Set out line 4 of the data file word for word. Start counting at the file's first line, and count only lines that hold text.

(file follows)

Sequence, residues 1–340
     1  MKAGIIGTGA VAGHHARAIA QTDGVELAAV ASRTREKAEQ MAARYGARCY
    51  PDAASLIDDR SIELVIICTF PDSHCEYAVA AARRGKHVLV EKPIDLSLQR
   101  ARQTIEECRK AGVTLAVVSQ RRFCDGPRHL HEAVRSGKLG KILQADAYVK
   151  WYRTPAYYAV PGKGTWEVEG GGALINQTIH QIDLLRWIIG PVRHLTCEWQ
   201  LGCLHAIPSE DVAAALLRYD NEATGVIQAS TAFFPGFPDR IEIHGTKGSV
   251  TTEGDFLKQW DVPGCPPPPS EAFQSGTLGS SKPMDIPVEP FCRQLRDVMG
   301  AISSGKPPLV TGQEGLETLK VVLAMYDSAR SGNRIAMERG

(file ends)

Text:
   101  ARQTIEECRK AGVTLAVVSQ RRFCDGPRHL HEAVRSGKLG KILQADAYVK